Briefly, a memory flashed before his mind's eye, bringing with it the terror of the darkness and the nightmares. A face, a voice – a man, laughing in triumph, with a glint in his eye that sparked with insanity and power. Taken unawares, Wilf recoiled at the vividness of the vision, his breath catching in his throat. It passed as quickly as it had struck him, and at a concerned look from a woman, he hastened to compose himself and sent her a friendly nod as she passed him. Still, he shivered, and not from the winter chill that hung in the still air. It was getting late, and he made to hurry home, but he had barely taken two steps forward when something caught his eye. He couldn't be certain how, but his attention had landed on the bell tower of a grey stone church some way ahead. Perhaps it was the distant sound of the church choir, which could be made out now that the brass band were packing up; perhaps it was just almost-forgotten memories of sleepy Sunday mornings as a boy in church with his old grandmother, who had died before the Second World War. She had never lived to see her grandson standing tall and proud in his new military uniform with the cold metal of a revolver in his hand. Before he knew it, he found himself heading towards the ancient steeple.
Inside the church, the air was musty with the odours of damp pew cushions and yellowing hymn books. Almost subconsciously, his hand moved to his head and removed his hat. The choir sang on, their lilting voices washing around the candlelit church in a soft wave of sound that rose and fell with Wilf's breath as he made his way slowly down the aisle. Above the altar, a stained glass window was illuminated by the street lamps outside – and there, almost hidden by the surrounding saints and religious figures, was a tiny but unmistakable image that took Wilf's breath away.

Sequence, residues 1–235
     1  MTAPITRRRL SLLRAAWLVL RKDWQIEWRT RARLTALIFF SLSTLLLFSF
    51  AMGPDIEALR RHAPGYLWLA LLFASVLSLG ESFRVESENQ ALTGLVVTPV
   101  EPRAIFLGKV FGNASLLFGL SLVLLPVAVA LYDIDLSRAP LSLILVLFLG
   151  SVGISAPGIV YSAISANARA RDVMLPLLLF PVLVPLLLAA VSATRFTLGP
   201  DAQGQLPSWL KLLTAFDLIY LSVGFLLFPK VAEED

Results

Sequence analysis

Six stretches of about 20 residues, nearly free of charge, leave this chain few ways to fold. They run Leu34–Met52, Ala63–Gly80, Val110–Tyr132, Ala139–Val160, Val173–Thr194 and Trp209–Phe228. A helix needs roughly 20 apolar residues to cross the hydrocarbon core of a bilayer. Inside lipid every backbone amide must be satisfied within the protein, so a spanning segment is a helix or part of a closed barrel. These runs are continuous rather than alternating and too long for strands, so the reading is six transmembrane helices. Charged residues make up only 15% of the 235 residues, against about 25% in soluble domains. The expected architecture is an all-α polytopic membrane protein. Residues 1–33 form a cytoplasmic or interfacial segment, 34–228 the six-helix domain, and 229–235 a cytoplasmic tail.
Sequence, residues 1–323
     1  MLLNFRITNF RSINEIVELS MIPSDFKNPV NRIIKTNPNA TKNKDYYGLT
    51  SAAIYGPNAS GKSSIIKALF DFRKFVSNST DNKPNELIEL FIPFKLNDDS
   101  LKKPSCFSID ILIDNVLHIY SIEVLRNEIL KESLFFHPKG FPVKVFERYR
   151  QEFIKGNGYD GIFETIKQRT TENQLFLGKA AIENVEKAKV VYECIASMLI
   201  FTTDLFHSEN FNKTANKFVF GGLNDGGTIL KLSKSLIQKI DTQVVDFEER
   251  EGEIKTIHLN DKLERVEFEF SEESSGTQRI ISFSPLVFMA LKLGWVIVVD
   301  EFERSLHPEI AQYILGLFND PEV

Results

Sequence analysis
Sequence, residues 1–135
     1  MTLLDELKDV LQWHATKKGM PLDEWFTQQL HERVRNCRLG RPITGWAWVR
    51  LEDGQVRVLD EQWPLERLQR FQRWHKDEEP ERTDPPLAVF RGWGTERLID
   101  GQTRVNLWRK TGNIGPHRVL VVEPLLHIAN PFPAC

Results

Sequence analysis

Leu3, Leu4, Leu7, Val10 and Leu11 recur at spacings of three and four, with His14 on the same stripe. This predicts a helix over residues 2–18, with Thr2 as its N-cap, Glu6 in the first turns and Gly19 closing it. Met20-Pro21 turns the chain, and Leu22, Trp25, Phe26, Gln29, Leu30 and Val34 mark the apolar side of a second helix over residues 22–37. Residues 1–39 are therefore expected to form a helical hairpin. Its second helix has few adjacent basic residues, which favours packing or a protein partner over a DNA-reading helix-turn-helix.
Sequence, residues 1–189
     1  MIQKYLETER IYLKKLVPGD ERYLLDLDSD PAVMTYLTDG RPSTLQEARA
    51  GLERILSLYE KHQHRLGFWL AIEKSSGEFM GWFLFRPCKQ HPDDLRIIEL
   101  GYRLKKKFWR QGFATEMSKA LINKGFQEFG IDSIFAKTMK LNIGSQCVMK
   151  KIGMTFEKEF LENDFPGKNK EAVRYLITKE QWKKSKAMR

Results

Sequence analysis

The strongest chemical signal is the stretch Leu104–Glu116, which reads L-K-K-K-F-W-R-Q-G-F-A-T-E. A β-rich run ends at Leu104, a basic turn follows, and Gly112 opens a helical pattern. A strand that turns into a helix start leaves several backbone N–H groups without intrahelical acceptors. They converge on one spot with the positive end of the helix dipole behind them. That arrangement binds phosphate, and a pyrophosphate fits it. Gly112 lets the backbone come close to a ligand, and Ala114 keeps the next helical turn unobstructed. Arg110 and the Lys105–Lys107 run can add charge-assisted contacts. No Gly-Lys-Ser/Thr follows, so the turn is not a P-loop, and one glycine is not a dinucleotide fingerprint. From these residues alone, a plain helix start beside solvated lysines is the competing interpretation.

There was no doubt about it – it was the TARDIS.
"They call it the legend of the blue box."
Wilf turned, startled, to see a woman standing in the aisle, her expression solemn. She was dressed in white with a buttoned, smart white blazer and simple necklace; something about her gave Wilf the impression that she was older than he could guess from the streaks of grey in her hair.
"Oh – I…" Wilf took a moment to gather his thoughts, and his gaze drifted back to the stained glass window. "Never been in here before – I'm not one for churches. Too cold."
"This was the site of a convent, back in the 1300s," the woman continued behind him, and he turned back to face her. "It's said a demon fell from the sky. Then a man appeared – a man in a blue box." For a moment, Wilf smiled, lost in bittersweet memories, and the woman smiled back. "He smote the demon, and then disappeared."
"That's a bit of a coincidence," Wilf muttered, raising his eyes once again to the window. What a coincidence, the woman could not possibly guess.
"It's said there's no such thing as coincidence. Who knows – perhaps he's coming back." Facing away, Wilf missed the smile that passed across her face as she spoke, but her words struck a chord of longing in his heart that he felt every time he looked at his granddaughter.
"Oh, that would make my Christmas!" he said vehemently, and turned.
The woman had vanished.